Reusse: St. Olaf's 'Koz' has name recognition; hungers for MIAC basketball title

  • Article by: PATRICK REUSSE , Star Tribune
  • Updated: February 13, 2014 - 7:04 AM

St. Olaf’s chances at a first MIAC regular-season title took a big hit Wednesday, but coach Dan Kosmoski will keep trying.

– St. Olaf eased away from St. John’s down the stretch for a 72-61 road victory on Saturday afternoon. Oles basketball coach Dan Kosmoski detoured to Minneapolis on the return trip to join Clem Haskins and a number of former Gophers for a 25-year reunion of the 1989 Sweet 16 team.

All in all, that made Saturday a very good day for Kosmoski, the basketball man who started as a standout player for Owatonna High School, sat on the bench as a walk-on with the great Gophers team of 1976-77, got into coaching as an assistant for Flip Saunders at Golden Valley Lutheran J.C., and served nine years as an assistant to Jim Dutcher and Haskins with the Gophers.

Dave Buss, a coach with a Division I résumé, left St. Olaf in the spring of 1994 and Kosmoski was hired as his replacement. He’s still with the Oles 20 seasons later, which remarkably puts him only fourth on the MIAC seniority list behind St. John’s Jim Smith (50 seasons), Carleton’s Guy Kalland (30) and Gustavus Adolphus’ Mark Hanson (24).

Bob Gelle was the coach preceding Buss at St. Olaf. His good work over 22 seasons led the Oles to add “Bob Gelle Court’’ to the title inside the school’s Skoglund Center.

Kosmoski has a different sort of distinction. He has been around long enough and has been attached to enough important figures that “Koz’’ is the only identification required with a Minnesota hoops crowd.

Exchange messages with Ellen, his wife for a quarter century, and the references to her husband come back as “Koz.’’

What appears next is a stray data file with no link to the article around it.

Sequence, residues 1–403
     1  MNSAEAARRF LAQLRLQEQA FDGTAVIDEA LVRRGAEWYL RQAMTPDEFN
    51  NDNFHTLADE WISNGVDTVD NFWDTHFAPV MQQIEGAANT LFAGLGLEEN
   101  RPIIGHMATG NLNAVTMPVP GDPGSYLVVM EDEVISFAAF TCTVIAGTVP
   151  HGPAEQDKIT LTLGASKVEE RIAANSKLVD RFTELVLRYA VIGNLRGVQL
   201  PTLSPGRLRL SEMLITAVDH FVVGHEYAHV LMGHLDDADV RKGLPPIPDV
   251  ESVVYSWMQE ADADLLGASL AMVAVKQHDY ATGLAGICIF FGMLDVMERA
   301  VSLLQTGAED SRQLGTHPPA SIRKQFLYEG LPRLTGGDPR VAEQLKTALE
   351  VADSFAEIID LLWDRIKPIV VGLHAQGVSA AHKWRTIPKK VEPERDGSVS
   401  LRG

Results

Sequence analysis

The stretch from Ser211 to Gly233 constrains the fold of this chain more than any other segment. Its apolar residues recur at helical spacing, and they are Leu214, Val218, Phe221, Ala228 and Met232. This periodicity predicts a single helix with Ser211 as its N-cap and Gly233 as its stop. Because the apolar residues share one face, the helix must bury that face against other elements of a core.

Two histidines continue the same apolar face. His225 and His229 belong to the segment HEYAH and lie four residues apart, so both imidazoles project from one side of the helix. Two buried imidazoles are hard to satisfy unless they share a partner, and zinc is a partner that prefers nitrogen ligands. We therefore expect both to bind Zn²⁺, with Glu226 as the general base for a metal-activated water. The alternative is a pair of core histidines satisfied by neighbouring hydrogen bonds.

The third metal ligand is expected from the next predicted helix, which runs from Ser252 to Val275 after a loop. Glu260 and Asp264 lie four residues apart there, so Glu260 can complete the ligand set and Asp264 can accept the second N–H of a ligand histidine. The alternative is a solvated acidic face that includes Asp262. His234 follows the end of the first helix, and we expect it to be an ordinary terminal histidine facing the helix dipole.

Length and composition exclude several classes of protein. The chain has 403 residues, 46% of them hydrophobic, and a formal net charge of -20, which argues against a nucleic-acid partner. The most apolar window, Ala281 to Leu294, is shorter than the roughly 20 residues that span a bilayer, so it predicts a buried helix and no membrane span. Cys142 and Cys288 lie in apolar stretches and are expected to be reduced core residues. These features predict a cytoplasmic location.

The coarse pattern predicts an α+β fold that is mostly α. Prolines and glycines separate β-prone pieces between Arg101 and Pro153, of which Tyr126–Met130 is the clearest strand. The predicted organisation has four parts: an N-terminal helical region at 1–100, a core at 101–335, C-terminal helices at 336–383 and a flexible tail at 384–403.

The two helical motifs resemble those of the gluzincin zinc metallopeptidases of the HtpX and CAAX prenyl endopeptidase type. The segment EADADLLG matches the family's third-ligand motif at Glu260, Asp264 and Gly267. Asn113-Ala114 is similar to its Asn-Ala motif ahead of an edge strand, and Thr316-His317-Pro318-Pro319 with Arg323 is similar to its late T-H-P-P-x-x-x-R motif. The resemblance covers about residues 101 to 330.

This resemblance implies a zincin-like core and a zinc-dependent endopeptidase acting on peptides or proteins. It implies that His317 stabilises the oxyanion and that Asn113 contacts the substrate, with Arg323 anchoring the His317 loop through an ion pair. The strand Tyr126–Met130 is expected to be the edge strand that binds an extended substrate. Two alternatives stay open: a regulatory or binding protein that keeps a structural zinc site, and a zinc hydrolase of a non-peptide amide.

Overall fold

Asked if he could have envisioned himself being at St. Olaf for two decades, Kosmoski said: “It’s a different mentality from Division I … a different realism as to what education is, what it’s supposed to be. All of our guys, at St. Olaf and in this conference, are going to be in the workforce. That’s where our athletes are going to be influential.

“I’ve been blessed to be here. Hopefully, I have a few years to go yet.’’

There is a void from a competitive standpoint in Kosmoski’s résumé.

The Oles have not won an MIAC title in the regular season or the postseason playoffs. St. Olaf’s top finishes with Koz have been a pair of thirds, in 1998 and 2012.

Until this winter.

On Wednesday night, St. Thomas brought a 15-1 record and a first-place standing onto Bob Gelle Court. St. Olaf was waiting with a 14-2 record. This was the big shot for Koz and his 20th collection of Oles.

The opportunity passed. The Tommies came out much more equipped for the full-contact style permitted by the officiating crew and built a 28-14 lead late in the first half. St. Olaf rallied and had the lead down to two in the final minute, but the Tommies prevailed 55-51.

St. Thomas now leads by two games with three to play in the MIAC schedule. The Tommies got it done on this night by giving great attention to Connor Gunderson, the Oles’ leading scorer, holding him to five points.

“That was an outstanding effort by two really good defensive teams,” Kosmoski said.

“When you hold a team to 55 points, you’re usually going to win.”

Kosmoski’s familiarity with St. Thomas isn’t limited to the Tommies’ dynastic hold on the MIAC, first with Steve Fritz and now Johnny Tauer. For 14 years, Koz ran the Clem Haskins Summer Camp at St. Thomas.

“One Twenty-Five Dowling Hall … I was there for four weeks every summer,’’ Kosmoski said. “Add it up: four weeks, 14 summers, 56 weeks. I told Clem on Saturday, ‘Your camps cost me a year of my life.’ ’’

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